Felicitas’ early life was shaped by the Porfiriato and the changes occurring throughout the country. Along with countless other rural families, Felicitas’ family moved from place to place in the 1890s. The 31-year long rule of Porfirio Diaz pushed the poor to seek work on haciendas and in cities and internal migration within Mexico grew during Mexico’s so-called “modernization.” By the time Felicitas crossed the border into El Paso in 1919, she had moved many times.
Felicitas was born during her family’s time at La Hacienda de Dolores, a colonial-era hacienda dating back to the early 16th century, located near present-day Jiménez, Chihuahua. Once a Jesuit property, by the mid-19th century Dolores was a “large estate with well irrigated and cultivated fields,” according to A. Wislizenus, a physician with Colonel Doniphan’s expedition in 1846-47. Throughout the 19th century, government reports mention attacks on the Hacienda by “indios bárbaros del norte.” By the time of Felicitas’ birth in 1899, the area was known for its textile manufacturing and its flour mills powered by steam engines. In 1910, the day before the official beginning of the Mexican Revolution, Pascual Orozco and his troops, comprised of Maderistas and anarchistas, attacked the hacienda and he was named head of the Maderistas in the region. Felicitas was 11 years old. In the succeeding years, as Felicitas entered adolescence, the area around Dolores and Jiménez was the site of much Revolutionary activity. In later years, Felicitas’ siblings and nephew would proudly say that her father Quirino Leyva provided horses to Pancho Villa.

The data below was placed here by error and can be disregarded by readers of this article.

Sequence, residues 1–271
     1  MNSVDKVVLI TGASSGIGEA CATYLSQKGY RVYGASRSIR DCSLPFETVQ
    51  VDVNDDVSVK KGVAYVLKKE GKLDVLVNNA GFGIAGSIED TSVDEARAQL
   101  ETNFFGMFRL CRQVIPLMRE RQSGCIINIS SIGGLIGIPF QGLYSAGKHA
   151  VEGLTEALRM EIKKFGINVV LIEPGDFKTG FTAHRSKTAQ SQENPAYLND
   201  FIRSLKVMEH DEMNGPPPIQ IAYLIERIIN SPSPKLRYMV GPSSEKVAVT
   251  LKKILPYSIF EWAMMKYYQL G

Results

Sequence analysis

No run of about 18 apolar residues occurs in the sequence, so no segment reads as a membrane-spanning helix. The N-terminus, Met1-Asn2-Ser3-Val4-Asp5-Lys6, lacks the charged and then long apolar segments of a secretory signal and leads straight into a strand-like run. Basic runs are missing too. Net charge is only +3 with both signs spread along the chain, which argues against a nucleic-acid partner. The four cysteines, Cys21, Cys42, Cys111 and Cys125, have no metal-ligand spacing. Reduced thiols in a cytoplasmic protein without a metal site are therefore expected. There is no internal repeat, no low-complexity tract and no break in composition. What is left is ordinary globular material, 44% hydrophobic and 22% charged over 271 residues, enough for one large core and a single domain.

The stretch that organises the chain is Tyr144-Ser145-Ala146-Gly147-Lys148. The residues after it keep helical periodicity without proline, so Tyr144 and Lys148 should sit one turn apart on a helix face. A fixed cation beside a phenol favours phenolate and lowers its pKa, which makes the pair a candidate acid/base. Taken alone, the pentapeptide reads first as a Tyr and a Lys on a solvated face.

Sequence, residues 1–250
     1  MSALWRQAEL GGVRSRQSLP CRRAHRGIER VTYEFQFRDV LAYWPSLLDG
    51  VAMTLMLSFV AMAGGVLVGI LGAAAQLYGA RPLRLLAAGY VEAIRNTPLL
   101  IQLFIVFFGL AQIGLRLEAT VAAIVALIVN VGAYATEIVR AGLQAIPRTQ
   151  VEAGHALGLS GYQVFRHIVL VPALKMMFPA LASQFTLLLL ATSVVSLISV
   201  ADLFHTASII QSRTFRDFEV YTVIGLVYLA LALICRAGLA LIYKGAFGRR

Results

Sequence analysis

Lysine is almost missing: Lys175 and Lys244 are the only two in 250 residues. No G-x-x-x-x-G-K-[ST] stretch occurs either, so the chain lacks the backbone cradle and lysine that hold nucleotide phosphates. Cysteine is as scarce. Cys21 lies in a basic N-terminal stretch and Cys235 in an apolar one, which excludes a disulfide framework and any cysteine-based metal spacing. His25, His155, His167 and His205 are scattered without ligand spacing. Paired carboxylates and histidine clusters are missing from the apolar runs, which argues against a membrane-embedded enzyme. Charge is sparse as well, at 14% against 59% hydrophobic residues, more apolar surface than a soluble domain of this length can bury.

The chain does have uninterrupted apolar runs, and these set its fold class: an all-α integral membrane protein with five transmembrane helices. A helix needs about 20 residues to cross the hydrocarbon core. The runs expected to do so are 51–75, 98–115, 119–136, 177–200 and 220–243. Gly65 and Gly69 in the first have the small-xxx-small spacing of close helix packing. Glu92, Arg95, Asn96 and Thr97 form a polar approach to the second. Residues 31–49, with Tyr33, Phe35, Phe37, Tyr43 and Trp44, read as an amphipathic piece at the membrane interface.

Felicitas' father, Quirino Leyva.
On December 29, 1914, at age fifteen, Felicitas married Gilberto Molina in Tlahualilo de Zaragoza, Durango and five months later gave birth to a son, Pascual. Tlahualilo de Zaragoza, part of la Comarca Lagunera, was originally inhabited by Indigenous peoples such as the Rarámuri and the Tepehuanes. In 1851, two Spaniards founded the first 19th century settlement in the area. By the late 19th century, it began to produce agricultural goods and in 1891, the first cotton was harvested. In 1897 a railroad was built to connect Tlahualilo to Eagle Pass, Texas. At the time the Mexican Revolution broke out, Tlahualilo was a thriving agricultural area, connected to the United States via the Ferrocarril Internacional, with ties to both Eagle Pass and El Paso.
Pancho Villa was a frequent visitor to Tlahualilo, making his first grand entrance to the town in 1912, an act that the town still celebrates, and it was one of the haciendas he asked for when negotiating the end to fighting in 1920. It played a significant role during the Revolution and throughout the Spring and Summer of 1914, Villa sent significant number of troops to Tlahualilo in order to stop the federal troops from taking control of Torreon.
I wondered how and why Felicitas moved from Dolores to Tlahualilo to marry Gilberto so I explored the relationship between the two places in the context of the Revolution in 1914 and 1915. In 1914, Villa controlled the state of Chihuahua. He was the provisional governor, in fact, and at the height of his influence and popularity. In 1914 and 1915, Villistas were in Jiménez (la Hacienda de Dolores) and Tlahualilo. With 50,000 men in la División del Norte, perhaps Gilberto was a soldier. One of the most common stories about troops entering a town relates to the fear it struck in the hearts of girls, women, and their parents. Troops kidnapped women, raped them, and sometimes their families never saw them again. The stories that relate the ways in which families protected the girls of the family when troops (either federal or revolutionary) arrived show their ingenuity fueled by fear.